The Stars for a Light

Do you have a favorite fictional hero? Perhaps it’s Becky Wade’s Ty Porter (My One and Only) who oozes charisma. Or maybe you prefer Marcus O’Malley (The Guardian), with his quiet strength. If you like to see a man who can humble himself in the light of revealed sin and return to the Lord, then Luke Baxter (Baxter series), might be your guy. And of course, we can’t rule out Constable Jack Thornton, the impossibly noble Mountie (When Calls the Heart).

For me however, there can be only one. His name is Shiloh Irons. Perhaps you know him too?

He’s found in two series of books by Lynn Morris with her father Gilbert. For those of you new to Christian historical fiction, Gilbert Morris is one of the greats, having placed someone from the Winslow family at almost every global event for around 200 years. But back to Shiloh Irons.

When we first meet Shiloh in The Stars for a Light, we see him rescuing his future boss, Cheney Duvall. Dr. Duvall is one of the earliest female doctors and has mistakenly hired a man to be her nurse. But given that their first encounter involves him saving her from some thugs down at the New York docks, perhaps employing Shiloh was part of God’s provision for her life.

Shiloh is a war hero who fought for the Confederacy but ended up learning to be a nurse and tending to soldiers from both sides. One of the greatest things about the series is that when we first meet Shiloh, he isn’t saved and we get to a front row seat to his unfolding faith journey.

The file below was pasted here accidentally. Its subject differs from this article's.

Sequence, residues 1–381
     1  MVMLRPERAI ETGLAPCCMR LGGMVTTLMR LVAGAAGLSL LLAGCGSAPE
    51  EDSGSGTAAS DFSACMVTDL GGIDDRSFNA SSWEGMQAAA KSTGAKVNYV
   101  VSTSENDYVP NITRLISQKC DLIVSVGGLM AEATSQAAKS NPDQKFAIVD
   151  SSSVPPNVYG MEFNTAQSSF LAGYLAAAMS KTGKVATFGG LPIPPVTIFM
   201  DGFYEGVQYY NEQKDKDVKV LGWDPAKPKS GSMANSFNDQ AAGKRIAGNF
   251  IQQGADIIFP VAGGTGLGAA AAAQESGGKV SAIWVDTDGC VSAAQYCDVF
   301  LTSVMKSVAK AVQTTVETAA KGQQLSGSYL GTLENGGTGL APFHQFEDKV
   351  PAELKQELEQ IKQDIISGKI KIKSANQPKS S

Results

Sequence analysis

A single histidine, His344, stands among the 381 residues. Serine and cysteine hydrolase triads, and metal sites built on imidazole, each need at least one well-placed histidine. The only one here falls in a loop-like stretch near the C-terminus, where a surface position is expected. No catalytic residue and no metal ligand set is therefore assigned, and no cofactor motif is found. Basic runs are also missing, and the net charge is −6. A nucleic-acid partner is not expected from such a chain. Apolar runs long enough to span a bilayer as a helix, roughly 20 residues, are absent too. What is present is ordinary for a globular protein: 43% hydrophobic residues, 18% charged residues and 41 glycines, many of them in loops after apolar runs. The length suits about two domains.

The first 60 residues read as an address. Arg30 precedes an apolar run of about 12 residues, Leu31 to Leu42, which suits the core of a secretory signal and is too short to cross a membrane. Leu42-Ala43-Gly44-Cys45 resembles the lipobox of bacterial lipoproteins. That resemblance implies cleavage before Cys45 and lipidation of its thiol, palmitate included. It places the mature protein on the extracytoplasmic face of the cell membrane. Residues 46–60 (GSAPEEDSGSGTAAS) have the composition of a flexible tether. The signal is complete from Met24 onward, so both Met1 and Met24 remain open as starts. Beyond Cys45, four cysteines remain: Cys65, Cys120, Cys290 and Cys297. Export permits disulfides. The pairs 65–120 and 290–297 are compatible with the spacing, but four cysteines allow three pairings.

Shiloh seems virtually unflappable, despite Cheney’s ability to get herself into all sorts of trouble. He’s also a man of mystery having been left in a box from Shiloh Ironworks on the steps of an orphanage as an infant. Along with his turning to Christ, we also see his background be slowly revealed.

He’s comfortable enough in his own skin that he’s happy for Cheney to be the doctor and him the nurse without any sort of inferiority, a good reminder that when we are doing what we’re called to do, it is enough to satisfy. Before nursing, Shiloh made a living as a prizefighter and was quite successful, so keeps getting recognized. He also seems to know a lot of military leaders – another facet that comes in very handy when in a sticky spot.

But I think what I like best about Shiloh isn’t his quiet strength, his capability, his calmness or his honesty when he is wrestling with something tough. I think it’s that he goes on a journey with Cheney. In the first book, Stars for a Light, Cheney believes in God but doesn’t have a close, personal relationship. Shiloh has no faith at all. Gradually we see both come to a deep and abiding walk with the Lord. If you like historical fiction with a decent side of real history, a good romance, lots of action and an unfolding Christian journey, you’ll probably love the Cheney Duvall/Cheney and Shiloh series.

So, who’s your favorite hero? Do tell…

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